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Yah it makes no sense. Maybe its OVER 20 people... but then again that still makes no sense because many jobs have enormous turnover rates (large chain stores, restaurants, etc). I'll try to find out whats the deal with that.

Is this it?

Sounds like the opposite of what your saying.
 
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loseyourname

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Pengwuino's Article said:
Villepin’s “new employment contract” applies to firms of less than 10 employees and extends the probation period for new-hires, presently two to three months, to two years. During this period, bosses will be able to fire workers without any justification and without the worker having any legal redress for unfair or wrongful dismissal.
Yeah, that doesn't sound like a two-year guaranteed contract to new hires, which would be idiotic anyway. Is this actually true, though? Could a law seriously be passed that allowed an employer to fire any employee for up to two years for whatever reason they wanted? Is the situation really that bad in France that they have to give employers that kind of incentive to hire people?
 

Pengwuino

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Well how is it different otherwise? Can't you fire people for no reason no matter how long they ahve worked for you in any country? (except gov workers of course). I mean its your own business, why can't you decide how to run it.

All I can think of is that maybe France is like the US where you cannot get unemployment if you were fired as opposed to laid off but im still not sure how that would make sense here either.
 

loseyourname

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Pengwuino said:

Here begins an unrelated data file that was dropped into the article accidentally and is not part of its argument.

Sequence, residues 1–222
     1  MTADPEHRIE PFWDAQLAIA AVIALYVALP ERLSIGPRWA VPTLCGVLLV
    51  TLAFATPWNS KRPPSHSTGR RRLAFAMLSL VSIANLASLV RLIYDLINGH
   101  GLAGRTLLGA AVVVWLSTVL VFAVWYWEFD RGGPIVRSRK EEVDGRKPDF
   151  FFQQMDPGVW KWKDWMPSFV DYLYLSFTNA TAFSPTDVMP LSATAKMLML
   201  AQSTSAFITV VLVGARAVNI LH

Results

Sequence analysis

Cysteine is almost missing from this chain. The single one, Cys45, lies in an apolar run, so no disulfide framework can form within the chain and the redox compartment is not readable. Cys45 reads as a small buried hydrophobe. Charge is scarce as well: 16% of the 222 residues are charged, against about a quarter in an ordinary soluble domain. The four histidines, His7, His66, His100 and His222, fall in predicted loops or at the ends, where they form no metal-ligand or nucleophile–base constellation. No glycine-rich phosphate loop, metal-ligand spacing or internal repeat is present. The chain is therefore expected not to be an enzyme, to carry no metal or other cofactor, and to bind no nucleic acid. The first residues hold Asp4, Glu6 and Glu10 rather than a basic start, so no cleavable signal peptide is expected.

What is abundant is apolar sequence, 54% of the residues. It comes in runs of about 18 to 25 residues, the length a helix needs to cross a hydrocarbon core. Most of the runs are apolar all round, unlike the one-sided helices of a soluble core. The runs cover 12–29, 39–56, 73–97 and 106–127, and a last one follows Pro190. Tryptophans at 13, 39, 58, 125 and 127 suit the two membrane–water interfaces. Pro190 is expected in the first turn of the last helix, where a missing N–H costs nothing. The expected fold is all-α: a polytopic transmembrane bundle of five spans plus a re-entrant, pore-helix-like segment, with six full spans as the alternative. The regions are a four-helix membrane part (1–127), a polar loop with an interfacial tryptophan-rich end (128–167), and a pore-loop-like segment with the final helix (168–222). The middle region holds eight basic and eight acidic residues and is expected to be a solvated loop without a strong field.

Well how is it different otherwise? Can't you fire people for no reason no matter how long they ahve worked for you in any country? (except gov workers of course). I mean its your own business, why can't you decide how to run it.
I'm sure you've held a job. Read the labor laws they post in the employee break room. You're only allowed to fire people, after the probationary period, for poor job performance.
 
loseyourname said:
I'm sure you've held a job. Read the labor laws they post in the employee break room. You're only allowed to fire people, after the probationary period, for poor job performance.
And Usually only after two warnings... Unless you do something criminal.
 

Pengwuino

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loseyourname said:
I'm sure you've held a job. Read the labor laws they post in the employee break room. You're only allowed to fire people, after the probationary period, for poor job performance.
Wrong again buddy. No job :P lol.

Ok that no longer makes sense... and i guess theres no 'strike' code on this forum either.
 
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Pengwuino said:
Wrong again buddy. No job :P lol.

So you can't fire people for cost cutting or relocation or things like that? Thank god my business was pulled back down to earth before it could take off and crash.
You DO know the difference between lay-off and Fire, don't you?
 

Pengwuino

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The Smoking Man said:
You DO know the difference between lay-off and Fire, don't you?
oops, sorry. Forgot about that.
 

DM

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Pengwuino said:
Sounds like the opposite of what your saying.
This new 2 year contract policy came to my attention in The Economist.

Link